We’ve all witnessed boardings by French customs at sea. As ever, Cowper has some good advice that could usefully be heeded today by those boarded by Les Douanes:
‘It does not do to play jokes on French officials. A Frenchman has a great idea of his own dignity. He is anxious others should have the same idea.’
Reading Cowper’s tales of derring-do, presented as matter-of-fact accomplishments, our boating feats today seem somewhat diminished. The elements might still be wet, cold and uncomfortable, but often, down below in the snug, dry cabin, the chart plotter shows us our route and position to within a boatlength, and a modern diesel engine is ready at the push of a button to take us out of trouble.
But Cowper sailed his enormous, unwieldy gaffers single-handed in all conditions and with no modern nav aids – a remarkable feat and fine show of seamanship. His first yawl, Lady Harvey was not ideally suited to single-handed sailing. ‘I remember the old Lady Harvey well,’ wrote Cowper’s contemporary Francis B Cooke in 1919, ‘and she was certainly a lump of a boat for one man to handle for months on end.’
Nonetheless, Cowper covered some serious miles in her before eventually selling her in 1895 to design and build his ideal cruising boat, Undine II, which became his favourite yacht. He rigged her as a ketch and sailed her single-handed from the East Coast and along the French, Belgian and British coasts to the Loire, before selling her in 1899.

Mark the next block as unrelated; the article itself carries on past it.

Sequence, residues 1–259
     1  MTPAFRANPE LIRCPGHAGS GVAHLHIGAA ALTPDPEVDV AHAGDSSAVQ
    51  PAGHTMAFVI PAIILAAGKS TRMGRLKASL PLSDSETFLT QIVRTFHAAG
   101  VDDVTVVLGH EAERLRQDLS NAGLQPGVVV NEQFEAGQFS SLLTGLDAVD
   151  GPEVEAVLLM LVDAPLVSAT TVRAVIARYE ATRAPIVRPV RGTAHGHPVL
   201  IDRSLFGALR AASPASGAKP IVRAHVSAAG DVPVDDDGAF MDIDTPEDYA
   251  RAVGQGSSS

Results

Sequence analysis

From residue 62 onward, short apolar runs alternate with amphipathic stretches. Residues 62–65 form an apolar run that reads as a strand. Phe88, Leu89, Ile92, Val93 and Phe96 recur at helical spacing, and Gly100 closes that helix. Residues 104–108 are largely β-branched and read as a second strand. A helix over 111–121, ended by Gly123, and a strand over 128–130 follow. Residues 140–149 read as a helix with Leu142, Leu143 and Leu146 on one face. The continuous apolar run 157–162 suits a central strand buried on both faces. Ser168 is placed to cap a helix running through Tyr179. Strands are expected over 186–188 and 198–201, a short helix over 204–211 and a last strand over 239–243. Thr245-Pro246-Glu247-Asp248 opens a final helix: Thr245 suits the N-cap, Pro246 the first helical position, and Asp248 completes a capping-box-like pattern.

More boats followed: The yawl Zayda, the French fishing lugger Idéal, the 14-ton cutter Little Windflower and finally, in 1921, the 41ft cutter Ailsa. In these he explored and meticulously updated Sailing Tours as well as writing a host of sailing yarns and books.
The grand old man of British yachting died in a convalescent home in Winchester in 1930. It’s the least that we, his sailing descendents, can do to get out there and enjoy the waters that he so carefully documented. In 1909, he wrote:
‘When fast and comfortable small cruisers are more easily obtained, men will more readily go farther afloat. The cheapness of the holiday is sufficiently obvious. No other pastime gives so much for so little, and at the same time appeals to the amour propre of a man.’
That we still do so is in no small part thanks to the efforts of one Frank Cowper. Thanks, Frank.
Quotes from Frank Cowper on:
Littlehampton: ‘I sank one boat. It looked very funny by moonlight, cocking up its stern and going down like a duck diving, but it was really not my fault.’
Motorboats: ‘The owners call it sport. One thing was in its favour: it did not last long nor take much seamanship, apparently. However, I should be glad to have a motor in my boat. To possess one is to possess the acme of comfort, provided it does not smell, explode, get in the way, or give out just when you most need it.’
Bacon: ‘If fond of good bacon, I advise them to take a store with them. They will find none of it in France. Eggs in plenty, but no ‘am and eggs for breakfast unless they have a stock of prime Wiltshire with them’.
Englishmen abroad: ‘In France I found that no notice was taken of what they looked upon as the natural eccentricity of an Englishman who, like the fish, was not born to be drowned.’
Getting hold of your own copies:
Frank Cowper’s books are currently out of print, but you can still buy them in secondhand bookshops and online. Originals are pricey and rare – but, as we go to press, there is a full set for £500 in Cambridge. They were reprinted in the 1980s, and these are more common, often selling for around £10-£15 each on sites such as Amazon.co.uk and Abebooks.com.